Brain Cancer – Glioblastoma (GBM)
- Brain tumors are classified by the types of cells within the tumor. Brain tumors are abnormal cells within the brain, some of which are noncancerous (benign) and some that are cancerous. Each type of brain tumor grows and is treated in a different way.
- Primary brain cancers, those that begin in the brain itself, occur when normal cells have mutations in their DNA that lead to the rapid growth and division of news cells, resulting in a mass of abnormal cells, or a tumor.
- More common than primary brain tumors, secondary tumors, those that begin elsewhere and metastasize to the brain, most often occur in those who have a history of cancer.
- Glioblastoma, also called glioblastoma multiforme, or GBM, is the most aggressive type of primary brain tumor. While GBM is rare, it is the most common type of primary brain cancer in adults. Approximately 12,500 new cases of GBM or brain tumors that may progress to GBM are diagnosed in the United States each year.
Signs and Symptoms
Brain tumor symptoms vary from person to person. Brain tumor symptoms depend on the area of the brain affected. Symptoms may include:
- Headaches, which are often the first symptom. A headache due to a brain tumor usually becomes more frequent as time passes. It may not get better with over the counter pain medicine and it may come with nausea or vomiting. It can get worse when you lie down, bend over or bear down, such as when you have a bowel movement.
- Seizures can take many different forms, such as numbness, tingling, uncontrollable arm and leg movements, difficulty speaking, strange smells or sensations, staring and unresponsive episodes or convulsions.
- Changes in mental function, mood or personality. You may become withdrawn, moody or inefficient at work. You may feel drowsy, confused and unable to think. Depression and anxiety, especially if either develops suddenly, may be an early symptom of a brain tumor. You may become uninhibited or behave in ways you never have before.
- Changes in speech (trouble finding words, talking incoherently, inability to express or understand language)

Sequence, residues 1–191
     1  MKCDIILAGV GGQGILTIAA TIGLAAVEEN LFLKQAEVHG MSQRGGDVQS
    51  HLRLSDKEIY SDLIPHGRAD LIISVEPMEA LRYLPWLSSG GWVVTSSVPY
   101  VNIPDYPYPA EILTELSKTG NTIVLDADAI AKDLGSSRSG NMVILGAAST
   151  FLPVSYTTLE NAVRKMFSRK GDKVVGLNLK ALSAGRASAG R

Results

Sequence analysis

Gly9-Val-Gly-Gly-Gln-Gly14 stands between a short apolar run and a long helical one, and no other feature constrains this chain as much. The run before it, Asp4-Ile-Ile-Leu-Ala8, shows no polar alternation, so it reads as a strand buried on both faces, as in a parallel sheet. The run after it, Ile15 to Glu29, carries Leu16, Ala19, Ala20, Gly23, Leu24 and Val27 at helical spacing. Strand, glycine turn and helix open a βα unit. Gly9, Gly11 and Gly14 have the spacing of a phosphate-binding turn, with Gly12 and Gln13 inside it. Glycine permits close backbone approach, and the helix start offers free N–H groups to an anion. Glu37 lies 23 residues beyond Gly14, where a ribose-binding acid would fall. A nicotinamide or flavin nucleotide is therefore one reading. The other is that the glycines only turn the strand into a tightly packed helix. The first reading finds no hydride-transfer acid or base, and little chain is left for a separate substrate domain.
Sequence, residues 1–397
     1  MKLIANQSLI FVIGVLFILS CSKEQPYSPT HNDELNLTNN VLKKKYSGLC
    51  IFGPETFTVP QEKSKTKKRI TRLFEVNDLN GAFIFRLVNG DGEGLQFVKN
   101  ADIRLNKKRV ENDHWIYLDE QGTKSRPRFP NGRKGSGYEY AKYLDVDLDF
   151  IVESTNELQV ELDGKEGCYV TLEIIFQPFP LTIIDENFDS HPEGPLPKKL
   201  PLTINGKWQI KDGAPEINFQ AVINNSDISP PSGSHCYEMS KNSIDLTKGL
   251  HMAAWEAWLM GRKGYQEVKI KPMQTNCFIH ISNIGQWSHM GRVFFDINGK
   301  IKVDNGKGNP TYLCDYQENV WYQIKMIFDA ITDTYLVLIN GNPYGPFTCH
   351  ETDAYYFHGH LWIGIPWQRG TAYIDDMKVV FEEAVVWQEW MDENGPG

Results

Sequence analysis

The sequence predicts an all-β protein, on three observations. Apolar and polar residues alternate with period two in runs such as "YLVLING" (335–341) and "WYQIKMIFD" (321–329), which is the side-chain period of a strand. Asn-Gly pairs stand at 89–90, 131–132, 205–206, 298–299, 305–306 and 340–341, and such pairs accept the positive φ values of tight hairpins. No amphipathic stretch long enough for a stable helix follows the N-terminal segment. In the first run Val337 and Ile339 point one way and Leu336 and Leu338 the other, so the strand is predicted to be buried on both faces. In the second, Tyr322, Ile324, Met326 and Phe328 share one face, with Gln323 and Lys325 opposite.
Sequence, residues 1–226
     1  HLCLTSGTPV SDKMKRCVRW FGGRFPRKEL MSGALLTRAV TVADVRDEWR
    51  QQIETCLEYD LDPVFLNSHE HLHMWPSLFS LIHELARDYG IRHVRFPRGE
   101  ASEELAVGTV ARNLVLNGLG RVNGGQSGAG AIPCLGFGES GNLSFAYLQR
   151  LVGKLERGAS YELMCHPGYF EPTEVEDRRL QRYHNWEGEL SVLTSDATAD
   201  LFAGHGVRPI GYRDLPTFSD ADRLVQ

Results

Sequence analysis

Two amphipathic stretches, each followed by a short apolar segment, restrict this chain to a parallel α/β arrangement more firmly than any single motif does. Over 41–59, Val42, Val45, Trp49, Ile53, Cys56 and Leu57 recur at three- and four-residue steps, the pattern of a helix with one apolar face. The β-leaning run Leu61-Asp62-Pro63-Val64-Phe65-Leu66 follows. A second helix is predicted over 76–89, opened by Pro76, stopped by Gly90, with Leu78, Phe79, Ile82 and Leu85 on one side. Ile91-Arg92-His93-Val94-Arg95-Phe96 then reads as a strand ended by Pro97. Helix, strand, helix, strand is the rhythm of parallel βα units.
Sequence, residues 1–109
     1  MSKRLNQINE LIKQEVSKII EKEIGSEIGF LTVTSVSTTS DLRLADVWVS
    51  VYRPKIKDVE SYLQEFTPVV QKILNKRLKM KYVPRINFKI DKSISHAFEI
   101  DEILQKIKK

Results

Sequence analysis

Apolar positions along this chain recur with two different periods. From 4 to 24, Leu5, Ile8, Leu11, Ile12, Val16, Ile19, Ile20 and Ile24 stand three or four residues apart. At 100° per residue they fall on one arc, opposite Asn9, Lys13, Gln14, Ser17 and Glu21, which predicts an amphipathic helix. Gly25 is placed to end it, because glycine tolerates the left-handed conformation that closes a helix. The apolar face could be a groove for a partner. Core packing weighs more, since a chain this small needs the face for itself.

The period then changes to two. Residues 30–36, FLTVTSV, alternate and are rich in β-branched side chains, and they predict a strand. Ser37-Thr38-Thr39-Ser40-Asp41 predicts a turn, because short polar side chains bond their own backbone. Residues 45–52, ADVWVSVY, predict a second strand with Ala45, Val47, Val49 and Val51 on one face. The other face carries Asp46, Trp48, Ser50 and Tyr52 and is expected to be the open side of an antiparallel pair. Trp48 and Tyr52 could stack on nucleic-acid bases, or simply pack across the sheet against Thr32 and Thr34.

- Changes in the ability to hear, smell or see, including double or blurred vision
- Loss of balance or coordination
- Change in the ability to feel heat, cold, pressure, a light touch or sharp objects
- Changes in pulse and breathing rates if brain tumor compresses the brain stem
These symptoms do not always mean you have a brain tumor. However, it is important to discuss any symptoms with your doctor, since they may signal other health problems.
Generally, a person with GBM would undergo a maximal debulking surgery, a six-week course of External Beam Radiation Therapy combined with Temodar (an oral chemo therapy).
In 2015, the FDA approved the use of Optune for people diagnosed with GBM. The Optune cap is a portable, noninvasive device that delivers low-intensity, wave-like electric fields called Tumor-Treating fields at a frequency that is specific to the “glial cell.” The alternating current within Tumor Treating fields will disrupt the replicating structures within the cancer cells causing cell death. Optune has increased the survival rate, so that 48 percent live longer than two years. Some patients have reached five years and the longest surviving patient is 10 years.
Bill Morgan was diagnosed with glioblastoma multiforme (GBM) in 2007. Still in treatment, Missouri Cancer Associates patient Bill shares his story and hopes to inspire others.
To read Bill’s story, visit his survivor story.